Team London, ON, is one of 75 in Canada and has created and distributed 3,744 kits since they began in 2015. London was also the first city in Canada to provide free menstrual products in city-owned facilities! By following precise patterns and instructions to ensure quality, each DfG Kit is made to last at least three years. Therefore, Team London’s 3,744 beautiful kits have helped reclaim 673,920 Days for Girls! That means 3,744 girls can attend school and carry out the routine responsibilities of their lives without missing a day, even when they are menstruating, all because of one team! Multiply that effort by 75, and it’s clear that Days for Girls Canada is making a difference across the globe.

With the help of global supporters, DfGI is doing all we can to end period poverty worldwide. Days for Girls Canada is also working specifically to focus on Canadian menstruators who need our help. We know that period poverty is a significant problem right here at home and one that must be faced head-on.

The Canadian Government has begun to take steps to address the needs of people who menstruate, especially as more and more people learn of the problem, but we have a long way to go to keep pace with Scotland and New Zealand. DfGC advocates for all Canadian menstruators, especially those in marginalized communities. We add our voice to the growing call for universal access to affordable Menstrual Health and Hygiene (MHH).

DfG Canada recently has begun to benefit from corporate partnerships as well, including World Vision Canada (WVC), which enables DfG Canada to send kits to countries where WVC has workers to receive them, and Save the Children Canada, which stores our kits in preparation for emergencies in Canadian communities.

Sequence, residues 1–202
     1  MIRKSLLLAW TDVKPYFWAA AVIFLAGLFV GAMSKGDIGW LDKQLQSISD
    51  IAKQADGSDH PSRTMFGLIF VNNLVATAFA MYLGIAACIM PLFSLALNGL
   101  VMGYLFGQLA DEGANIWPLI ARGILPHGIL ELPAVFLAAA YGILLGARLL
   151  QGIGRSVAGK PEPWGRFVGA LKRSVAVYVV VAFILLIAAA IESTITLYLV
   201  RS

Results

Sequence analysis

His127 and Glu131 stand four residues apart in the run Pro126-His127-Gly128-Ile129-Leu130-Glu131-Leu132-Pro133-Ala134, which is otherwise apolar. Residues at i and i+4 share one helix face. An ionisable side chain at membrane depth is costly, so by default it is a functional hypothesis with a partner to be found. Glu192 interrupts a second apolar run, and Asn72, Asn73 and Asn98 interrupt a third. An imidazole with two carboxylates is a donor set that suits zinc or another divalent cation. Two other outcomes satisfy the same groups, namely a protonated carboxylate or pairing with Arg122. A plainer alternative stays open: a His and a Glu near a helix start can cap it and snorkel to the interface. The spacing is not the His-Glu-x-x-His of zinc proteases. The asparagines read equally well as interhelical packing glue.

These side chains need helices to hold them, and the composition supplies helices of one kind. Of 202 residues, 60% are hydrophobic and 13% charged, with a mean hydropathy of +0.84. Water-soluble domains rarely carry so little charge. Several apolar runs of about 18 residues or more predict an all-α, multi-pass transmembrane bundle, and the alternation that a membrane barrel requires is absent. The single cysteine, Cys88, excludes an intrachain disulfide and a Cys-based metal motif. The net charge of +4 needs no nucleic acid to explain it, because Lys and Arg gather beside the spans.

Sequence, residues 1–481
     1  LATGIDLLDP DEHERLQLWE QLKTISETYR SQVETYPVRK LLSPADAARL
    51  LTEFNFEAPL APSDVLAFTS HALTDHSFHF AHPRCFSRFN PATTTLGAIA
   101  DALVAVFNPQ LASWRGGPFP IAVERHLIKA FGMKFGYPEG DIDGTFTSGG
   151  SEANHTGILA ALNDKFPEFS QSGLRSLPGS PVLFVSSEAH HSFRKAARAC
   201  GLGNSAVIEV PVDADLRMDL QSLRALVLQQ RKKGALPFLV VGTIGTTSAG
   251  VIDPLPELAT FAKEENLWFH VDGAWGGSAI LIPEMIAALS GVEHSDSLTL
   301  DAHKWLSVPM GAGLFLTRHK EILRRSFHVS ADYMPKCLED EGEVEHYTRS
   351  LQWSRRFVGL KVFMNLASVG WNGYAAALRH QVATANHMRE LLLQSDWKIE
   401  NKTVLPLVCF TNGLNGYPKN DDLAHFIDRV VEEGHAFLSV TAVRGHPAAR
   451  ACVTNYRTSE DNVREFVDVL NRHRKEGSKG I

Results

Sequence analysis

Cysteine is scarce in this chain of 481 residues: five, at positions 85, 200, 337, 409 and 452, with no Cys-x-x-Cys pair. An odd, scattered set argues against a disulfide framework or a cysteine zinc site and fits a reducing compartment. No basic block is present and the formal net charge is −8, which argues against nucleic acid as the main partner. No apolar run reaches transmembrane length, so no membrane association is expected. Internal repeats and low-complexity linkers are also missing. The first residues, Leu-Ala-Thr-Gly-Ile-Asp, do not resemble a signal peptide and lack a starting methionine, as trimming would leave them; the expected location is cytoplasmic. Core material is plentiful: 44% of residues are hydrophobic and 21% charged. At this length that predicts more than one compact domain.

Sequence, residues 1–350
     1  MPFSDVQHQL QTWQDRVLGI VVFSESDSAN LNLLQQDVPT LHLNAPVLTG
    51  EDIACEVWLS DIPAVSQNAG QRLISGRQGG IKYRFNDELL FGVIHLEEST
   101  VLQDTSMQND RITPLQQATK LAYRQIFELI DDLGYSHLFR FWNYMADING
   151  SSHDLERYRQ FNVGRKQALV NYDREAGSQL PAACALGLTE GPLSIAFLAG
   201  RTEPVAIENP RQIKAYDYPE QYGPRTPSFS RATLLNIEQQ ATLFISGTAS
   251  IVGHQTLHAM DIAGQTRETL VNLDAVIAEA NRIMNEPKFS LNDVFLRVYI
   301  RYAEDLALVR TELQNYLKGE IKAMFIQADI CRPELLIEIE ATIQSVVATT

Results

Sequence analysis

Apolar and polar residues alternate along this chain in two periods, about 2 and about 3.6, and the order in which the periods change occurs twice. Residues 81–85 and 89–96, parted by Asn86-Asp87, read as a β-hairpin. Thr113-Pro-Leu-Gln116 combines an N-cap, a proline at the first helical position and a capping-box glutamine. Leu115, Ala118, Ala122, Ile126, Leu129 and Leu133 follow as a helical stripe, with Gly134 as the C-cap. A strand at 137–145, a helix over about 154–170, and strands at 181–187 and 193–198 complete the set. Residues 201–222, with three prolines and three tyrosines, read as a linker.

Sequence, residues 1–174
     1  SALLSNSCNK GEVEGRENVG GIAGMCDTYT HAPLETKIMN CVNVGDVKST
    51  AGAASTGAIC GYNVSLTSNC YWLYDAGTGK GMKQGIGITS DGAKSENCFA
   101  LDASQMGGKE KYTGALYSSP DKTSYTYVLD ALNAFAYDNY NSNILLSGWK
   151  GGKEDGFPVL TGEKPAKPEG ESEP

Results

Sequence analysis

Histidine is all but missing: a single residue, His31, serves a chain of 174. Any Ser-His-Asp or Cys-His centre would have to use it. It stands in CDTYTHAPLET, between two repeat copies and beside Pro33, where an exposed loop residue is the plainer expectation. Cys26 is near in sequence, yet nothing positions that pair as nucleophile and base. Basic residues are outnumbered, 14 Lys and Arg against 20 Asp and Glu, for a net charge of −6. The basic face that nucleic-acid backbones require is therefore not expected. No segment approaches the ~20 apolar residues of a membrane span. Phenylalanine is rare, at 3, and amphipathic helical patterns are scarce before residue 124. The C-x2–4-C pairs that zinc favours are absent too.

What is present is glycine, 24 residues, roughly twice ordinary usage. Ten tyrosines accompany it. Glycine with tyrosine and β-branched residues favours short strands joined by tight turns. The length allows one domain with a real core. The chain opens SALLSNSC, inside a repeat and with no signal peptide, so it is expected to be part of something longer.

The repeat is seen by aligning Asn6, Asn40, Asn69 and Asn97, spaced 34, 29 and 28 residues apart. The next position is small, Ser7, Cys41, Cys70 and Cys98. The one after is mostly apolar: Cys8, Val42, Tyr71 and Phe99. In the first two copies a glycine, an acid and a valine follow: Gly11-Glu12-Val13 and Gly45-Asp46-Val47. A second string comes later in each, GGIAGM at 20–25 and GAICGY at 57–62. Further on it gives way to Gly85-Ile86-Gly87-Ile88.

With North American menstruators’ diverse needs in mind, DfGI has introduced Hybrid Kits, and Days for Girls Canada is creating them for Canadians in marginalized communities where our help is needed. These kits introduce our hand-sewn products and contain a selection of disposables, and in some cases, a Diva Menstrual Cup, supplied by Diva International, another of DfG Canada’s corporate partners. Our goal is to give choices to Canadian menstruators in communities where our washable, reusable kits are not an ideal solution.

Despite the pandemic, Days for Girls Canada is making headway against period poverty, internationally and right here in Canada!

You don’t have to menstruate to donate!

To learn more and help end period poverty in Canada, visit daysforgirls.org/canada

*This data does not capture the experiences of trans men and gender non-binary people. ** Source: Plan Canada 2019 Gender Study

MAYstruation promotes equitable access to menstrual products worldwide, including here in Canada. 28/5 was chosen as it represents the five days in the 28-day menstrual cycle; help us support dignity for all menstruators.

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MAYstruation promotes equitable access to menstrual products worldwide, including here in Canada. 28/5 was chosen as it represents the five days in the 28-day menstrual cycle; help us support dignity for all menstruators.